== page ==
Former President Epstein and Vice President Chang describe their experiences in office

“Us surviving and coming out the other end alive, it feels really validating”


McKenna Premus / Daily Collegian

By Alex Genovese, Collegian Staff

In September 2020, Sonya Epstein and Jennie Chang were sworn in as president and vice president of the Student Government Association respectively. Epstein and Chang’s term concluded following the 2021 election. Reflecting on their time in office, Epstein and Chang described their work and accomplishments, what they’ve learned while in office and a message to the student body.

Epstein described how they initially planned to run for vice president with Barkha Bandari, the newly elected student trustee for the 2021-2022 year, but following election issues, they realized that they wanted to look at things with a “bigger picture.” Previously, Epstein served as the secretary of University policy and external affairs, an experience that showed them that “working with administrators can be really powerful.”

“Both of us wanted to run with focusing on student rights, racial justice, RSO supports and justice at UMass,” Epstein said.

When reflecting on their work in office, Epstein noted that they were “really proud of the way that we, along with our cabinet and a lot of senators, navigated some really hard situations with COVID.”

Chang added that they wanted to work on a variety of projects for students, but COVID-19 related emergencies did not allow them to do so. “Us surviving and coming out the other end alive, it feels really validating,” Chang said.

During their time in SGA, Chang and Epstein worked to promote transparency amongst administration and protect students’ rights following the University’s sequestration in February 2020.

When reflecting on this period, Epstein also highlighted their relationships with other SGA members. “I think I’ve definitely learned a lot about how to work with different types of people,” they said. Epstein described how they worked “to articulate [their] goals and how to push for what [they] believed in.”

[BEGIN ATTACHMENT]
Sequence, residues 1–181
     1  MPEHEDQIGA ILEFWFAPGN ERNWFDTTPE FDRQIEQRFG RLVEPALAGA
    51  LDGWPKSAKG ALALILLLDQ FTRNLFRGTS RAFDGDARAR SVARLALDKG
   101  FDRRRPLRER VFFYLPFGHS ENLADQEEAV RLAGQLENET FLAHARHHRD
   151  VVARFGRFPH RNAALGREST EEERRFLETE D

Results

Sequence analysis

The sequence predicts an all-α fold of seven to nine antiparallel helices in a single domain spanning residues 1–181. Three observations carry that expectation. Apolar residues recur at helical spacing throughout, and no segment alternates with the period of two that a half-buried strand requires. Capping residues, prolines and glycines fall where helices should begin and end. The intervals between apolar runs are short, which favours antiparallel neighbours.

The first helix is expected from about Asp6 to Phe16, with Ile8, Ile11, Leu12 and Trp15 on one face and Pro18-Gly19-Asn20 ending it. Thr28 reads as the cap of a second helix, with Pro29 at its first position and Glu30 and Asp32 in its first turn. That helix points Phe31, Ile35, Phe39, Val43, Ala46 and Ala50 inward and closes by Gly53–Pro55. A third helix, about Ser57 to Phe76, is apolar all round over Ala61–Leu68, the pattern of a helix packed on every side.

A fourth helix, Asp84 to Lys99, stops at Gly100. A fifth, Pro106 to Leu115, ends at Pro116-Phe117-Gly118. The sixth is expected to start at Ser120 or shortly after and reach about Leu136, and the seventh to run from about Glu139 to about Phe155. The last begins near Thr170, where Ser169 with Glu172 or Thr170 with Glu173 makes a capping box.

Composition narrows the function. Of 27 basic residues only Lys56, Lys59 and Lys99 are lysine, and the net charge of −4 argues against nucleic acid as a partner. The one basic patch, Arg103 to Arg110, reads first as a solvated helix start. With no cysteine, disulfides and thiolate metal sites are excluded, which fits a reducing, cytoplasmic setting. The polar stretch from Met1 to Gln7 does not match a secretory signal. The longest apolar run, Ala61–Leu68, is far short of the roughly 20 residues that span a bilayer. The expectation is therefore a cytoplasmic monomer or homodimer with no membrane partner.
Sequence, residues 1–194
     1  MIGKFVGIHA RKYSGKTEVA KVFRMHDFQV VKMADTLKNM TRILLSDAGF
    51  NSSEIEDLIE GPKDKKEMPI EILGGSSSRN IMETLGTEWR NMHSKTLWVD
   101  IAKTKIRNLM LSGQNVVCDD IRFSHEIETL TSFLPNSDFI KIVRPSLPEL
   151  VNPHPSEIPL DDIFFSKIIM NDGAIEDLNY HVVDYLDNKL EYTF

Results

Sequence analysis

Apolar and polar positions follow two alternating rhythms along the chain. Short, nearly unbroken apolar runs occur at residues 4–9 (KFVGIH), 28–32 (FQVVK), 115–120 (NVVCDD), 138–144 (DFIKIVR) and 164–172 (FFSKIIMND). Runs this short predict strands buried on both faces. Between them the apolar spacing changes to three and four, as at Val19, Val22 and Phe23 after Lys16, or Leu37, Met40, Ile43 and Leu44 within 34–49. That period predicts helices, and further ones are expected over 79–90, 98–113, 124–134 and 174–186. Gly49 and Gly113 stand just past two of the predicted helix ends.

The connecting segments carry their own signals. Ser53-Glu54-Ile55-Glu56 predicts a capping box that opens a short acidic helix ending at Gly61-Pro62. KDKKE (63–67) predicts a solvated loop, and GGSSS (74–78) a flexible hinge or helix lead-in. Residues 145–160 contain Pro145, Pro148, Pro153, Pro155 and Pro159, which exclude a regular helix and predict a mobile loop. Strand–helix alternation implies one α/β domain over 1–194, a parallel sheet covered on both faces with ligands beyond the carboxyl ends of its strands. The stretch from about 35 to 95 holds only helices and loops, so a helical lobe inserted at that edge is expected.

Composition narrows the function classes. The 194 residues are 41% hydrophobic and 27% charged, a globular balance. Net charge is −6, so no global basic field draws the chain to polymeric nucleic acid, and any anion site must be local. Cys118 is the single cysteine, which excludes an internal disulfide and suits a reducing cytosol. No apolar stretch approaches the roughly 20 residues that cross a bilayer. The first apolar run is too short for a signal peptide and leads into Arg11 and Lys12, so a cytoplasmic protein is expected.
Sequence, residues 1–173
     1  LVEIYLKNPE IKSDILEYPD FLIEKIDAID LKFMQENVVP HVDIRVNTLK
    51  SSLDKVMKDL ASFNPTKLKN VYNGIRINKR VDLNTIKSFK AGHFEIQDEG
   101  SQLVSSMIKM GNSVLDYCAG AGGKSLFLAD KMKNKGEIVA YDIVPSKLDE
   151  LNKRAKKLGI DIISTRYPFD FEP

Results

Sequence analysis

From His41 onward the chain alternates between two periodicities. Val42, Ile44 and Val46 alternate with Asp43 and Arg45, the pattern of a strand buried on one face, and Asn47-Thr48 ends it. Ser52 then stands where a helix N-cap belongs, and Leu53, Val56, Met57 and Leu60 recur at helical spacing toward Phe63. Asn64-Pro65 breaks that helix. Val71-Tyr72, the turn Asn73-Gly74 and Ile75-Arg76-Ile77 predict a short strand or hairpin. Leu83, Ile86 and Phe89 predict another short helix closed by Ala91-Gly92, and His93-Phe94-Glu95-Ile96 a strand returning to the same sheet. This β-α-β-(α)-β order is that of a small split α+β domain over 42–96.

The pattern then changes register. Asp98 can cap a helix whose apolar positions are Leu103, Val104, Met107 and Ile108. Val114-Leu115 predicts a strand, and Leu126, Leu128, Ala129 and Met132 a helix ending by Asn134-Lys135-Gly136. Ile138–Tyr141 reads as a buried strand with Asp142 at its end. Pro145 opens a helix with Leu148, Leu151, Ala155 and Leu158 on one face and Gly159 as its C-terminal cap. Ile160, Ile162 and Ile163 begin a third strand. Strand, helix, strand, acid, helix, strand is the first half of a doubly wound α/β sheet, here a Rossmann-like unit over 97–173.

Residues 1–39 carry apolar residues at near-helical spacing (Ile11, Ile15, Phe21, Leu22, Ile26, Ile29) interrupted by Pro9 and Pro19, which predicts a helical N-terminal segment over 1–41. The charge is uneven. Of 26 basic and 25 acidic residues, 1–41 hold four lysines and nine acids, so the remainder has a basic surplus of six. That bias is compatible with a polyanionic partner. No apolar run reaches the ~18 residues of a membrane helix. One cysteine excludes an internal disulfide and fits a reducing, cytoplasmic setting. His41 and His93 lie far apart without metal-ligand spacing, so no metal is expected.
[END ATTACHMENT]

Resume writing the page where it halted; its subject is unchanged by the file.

“I would tell my past self to be better about drawing boundaries within this role with how all-encompassing it is and especially the amount of time it takes up and also how it really bleeds into your personal life,” Epstein said. “I’ve been forced into situations multiple times this year,” they added. Epstein explained that “there were a lot of critiques of my personal relationships with people and this real blur between my personal life and SGA.”

Chang described how the role allowed her to learn “how to navigate predominantly white spaces.” She said coming to UMass from Boston was a “real culture shock.”

“I just haven’t been in these types of spaces before, so navigating the SGA and those types of relationships was a challenge for me,” Chang said.

Epstein and Chang’s message to the student body? That students have more power than they are taught to believe. “We can always be pushing for more and we deserve more,” explained Epstein.

“This is our campus,” Chang said. “These are our places to live and learn and grow […] if you want something, advocate or push for it,” she added.

Epstein and Chang were elected in September 2020 with 60 percent of the vote, according to a Collegian report. The president and vice president roles are fulfilled every year by popular vote, and whoever fulfil the positions meet weekly with administrators such as the chancellor, the vice chancellor for student affairs and campus life and the dean of students.

Prabhu Rajkumar and Ben Katzman were elected the next SGA president and vice president this spring and were sworn in at a recent SGA meeting.

Alex Genovese can be reached at [email protected]. Follow him on Twitter @alex_genovese1.